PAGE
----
It was also nice to see Williams’ fastball perform so well on Monday. He averaged 97.5 mph with it while also showcasing elite extension at 7.1 feet. The iVB isn’t great, but it’s a relatively flat fastball due to his release point, and he did an amazing job of keeping it up in the zone 68% of the time on Monday. According to Pitcher List’s Fantastic Four leaderboard, it was the best four-seamer of any starting pitcher on Monday (even though it was a small sample size). He also showcased a tremendous curve on Monday with the pitch getting five whiffs and posting a 34.6% CSW and 77% strike rate. So even with the questionable changes to the slider/cutter, Williams flashed two plus offerings on Monday, and we’ll have to hope it’s not just because he faced the Tigers.

VERDICT: MINIMALLY IMPACTFUL. Right now, it’s too early to tell what kind of changes Williams is making to his cutter/slider. It might wind up just being the pitch he was throwing at the end of last year. However, we can be optimistic about the success of the four-seam and curveball based on his first two starts. The health concerns remain, but I’m buying in here if given the chance.

Jameson Taillon – Chicago Cubs (Sweeper, Curve, and Cutter)

Jameson Taillon was somebody I was in on coming into the season based on the changes we saw in the second half last year. So far, that has carried over into a solid season and Taillon, going into his start on Tuesday night, had a 3.19 ERA over 29 starts, which was 172.0 innings. That’s far better than the league average, which means we’ve seen Taillon before a good starting pitcher for long enough that his success shouldn’t be a surprise. Still, the veteran continues to evolve, and we’ve seen a shift in his approach over this season as well.

Since the start of the season, we’ve seen a few key changes for Taillon. He has dialed back the usage of his four-seam fastball in favor of bringing in his sinker more often. He’s also started to use his slider more. We’ll discuss those changes below, but it’s also important to keep in mind that Taillon has mentioned tinkering with his arsenal before and has talked openly about approaching each start differently based on the opponent and which pitches feel good during a given start. That means we may simply be looking at a stretch where his slider feels good or where he doesn’t feel as good about his four-seam.

Taillon has been using his sinker primarily against right-handed pitchers, throwing just four all season to lefties. It doesn’t miss bats, with just a 4.7% SwStr%, and he also doesn’t have a great zone rate on the pitch, but I should note that his command of the pitch has been improving lately with a 70% strike rate or better in three of his last four starts. The pitch also induces just a 23.5% Ideal Contact Rate (ICR), which is elite and really the main purpose of Taillon’s usage of it, I would assume.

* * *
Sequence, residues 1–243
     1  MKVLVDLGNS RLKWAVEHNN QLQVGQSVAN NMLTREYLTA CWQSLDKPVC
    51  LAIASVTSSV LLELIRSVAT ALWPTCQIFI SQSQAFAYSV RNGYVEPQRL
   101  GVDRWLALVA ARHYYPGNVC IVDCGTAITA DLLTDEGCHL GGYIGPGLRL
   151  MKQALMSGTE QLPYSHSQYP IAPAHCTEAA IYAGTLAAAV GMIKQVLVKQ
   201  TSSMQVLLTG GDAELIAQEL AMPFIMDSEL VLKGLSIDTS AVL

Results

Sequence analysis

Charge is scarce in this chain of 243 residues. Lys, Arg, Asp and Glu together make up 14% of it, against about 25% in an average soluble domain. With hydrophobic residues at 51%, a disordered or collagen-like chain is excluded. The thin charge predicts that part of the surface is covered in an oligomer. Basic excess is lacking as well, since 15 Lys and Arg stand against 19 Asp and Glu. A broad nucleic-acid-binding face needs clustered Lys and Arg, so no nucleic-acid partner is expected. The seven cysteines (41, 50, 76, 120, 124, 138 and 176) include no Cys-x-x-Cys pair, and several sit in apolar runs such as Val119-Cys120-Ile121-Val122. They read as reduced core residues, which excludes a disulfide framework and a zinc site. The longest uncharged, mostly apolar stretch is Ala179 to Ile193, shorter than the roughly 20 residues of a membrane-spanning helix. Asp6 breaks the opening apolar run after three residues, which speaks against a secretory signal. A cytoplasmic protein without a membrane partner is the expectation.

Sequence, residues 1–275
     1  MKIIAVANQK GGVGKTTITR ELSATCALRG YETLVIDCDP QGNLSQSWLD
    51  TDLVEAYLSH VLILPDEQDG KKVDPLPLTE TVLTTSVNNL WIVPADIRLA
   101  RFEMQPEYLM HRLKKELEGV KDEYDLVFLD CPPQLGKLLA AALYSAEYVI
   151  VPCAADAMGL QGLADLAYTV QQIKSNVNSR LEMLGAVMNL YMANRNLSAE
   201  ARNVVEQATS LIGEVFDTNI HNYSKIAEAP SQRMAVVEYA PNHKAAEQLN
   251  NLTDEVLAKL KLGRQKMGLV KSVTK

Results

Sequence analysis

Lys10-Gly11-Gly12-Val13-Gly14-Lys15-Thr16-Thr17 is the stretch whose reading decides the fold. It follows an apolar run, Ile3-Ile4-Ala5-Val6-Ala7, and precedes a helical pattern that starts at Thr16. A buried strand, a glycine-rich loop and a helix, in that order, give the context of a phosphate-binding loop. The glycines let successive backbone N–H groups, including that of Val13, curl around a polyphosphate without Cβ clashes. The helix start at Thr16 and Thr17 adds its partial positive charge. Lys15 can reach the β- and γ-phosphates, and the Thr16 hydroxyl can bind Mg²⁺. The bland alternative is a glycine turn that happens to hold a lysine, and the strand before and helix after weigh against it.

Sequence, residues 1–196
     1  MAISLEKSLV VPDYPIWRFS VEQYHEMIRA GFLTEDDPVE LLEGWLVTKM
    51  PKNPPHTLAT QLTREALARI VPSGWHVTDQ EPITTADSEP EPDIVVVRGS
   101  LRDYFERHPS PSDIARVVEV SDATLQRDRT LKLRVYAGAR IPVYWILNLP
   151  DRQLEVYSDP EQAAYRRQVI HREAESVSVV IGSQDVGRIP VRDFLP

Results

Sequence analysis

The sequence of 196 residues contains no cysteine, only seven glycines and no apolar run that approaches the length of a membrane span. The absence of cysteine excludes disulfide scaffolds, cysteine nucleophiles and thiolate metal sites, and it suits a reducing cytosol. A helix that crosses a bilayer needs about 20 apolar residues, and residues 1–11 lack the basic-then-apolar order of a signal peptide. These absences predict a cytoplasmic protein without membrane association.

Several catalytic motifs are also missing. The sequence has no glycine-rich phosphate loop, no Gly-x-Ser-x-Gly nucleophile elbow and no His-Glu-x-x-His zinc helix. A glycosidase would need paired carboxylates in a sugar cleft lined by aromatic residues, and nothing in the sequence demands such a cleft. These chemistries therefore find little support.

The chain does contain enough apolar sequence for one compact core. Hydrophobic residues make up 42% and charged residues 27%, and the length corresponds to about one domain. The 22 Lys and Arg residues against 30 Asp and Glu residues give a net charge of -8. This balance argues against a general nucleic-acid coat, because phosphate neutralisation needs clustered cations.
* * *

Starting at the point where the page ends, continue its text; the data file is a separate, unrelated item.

He uses the pitch early in the count and does a good job getting it inside on the hands, with an 84.4% inside location rate to righties, which is the 99th percentile. Using the sinker more often has also enabled Taillon to use the four-seamer more in two-strike counts since the pitch has a better-than-average PutAway rate to righties despite a below-average SwStr%. By using the four-seamer more sparingly and not having to count on it to get called strikes early in the count, Taillon can ensure that hitters don’t time the pitch up as well. That also makes it more successful in two-strike counts because hitters haven’t already seen it multiple times in an at-bat or might even think it’s the sinker out of the hand and then swing under the four-seam.

That change has been one of the reasons Taillon’s strikeout rate has ticked up, but I think another is his increased reliance on the sweeper. It’s just been about four starts with the sweeper being involved more, so it’s unclear how permanent that change is, but the pitch does have a 20.2% SwStr% which is TAILLON’S ONLY PITCH IN DOUBLE DIGITS. Yes, every single other pitch that Taillon throws has a sub-10% swinging strike rate. When you look at it from that perspective, the sweeper is super important to his fantasy upside because strikeouts are important to fantasy upside.

It also doesn’t hurt that the pitch has a 34.6% ICR, which means it’s not being hit overly hard, and that Taillon has a 70% strike rate with it, which means that he can command it well. He does a good job of keeping it low in the zone but doesn’t always bury it outside to righties. He’s happy to throw it low but over the middle of the plate, and he’ll even mix some in against lefties; although, not a lot.

Lately, it seems like the sweeper is taking a lot of the space left by the curveball, but Taillon prefers to throw the curve to lefties, so it could also just be the lineups he’s faced recently. However, the increased usage of the sweeper and the flattening out of his arsenal means that Taillon has six pitches he’s comfortable mixing and matching on a given day. That raises his floor a bit because he can come up with specialized attack plans for each opponent, and the sweeper has also raised his fantasy ceiling, so it’s all good news here. We also know that Taillon is on the trade block with the Cubs struggling, so perhaps a move to a team like Baltimore or Cleveland could even improve his value more.

VERDICT: MEANINGFULLY IMPACTFUL. It’s meaningfully impactful FOR NOW. We know that Taillon will tinker, so it’s unclear how long this usage pattern will last, but he’s been a useful fantasy pitcher for over a season now and if he continues to miss bats the way he has been recently, you’re going to be really happy he’s on your team.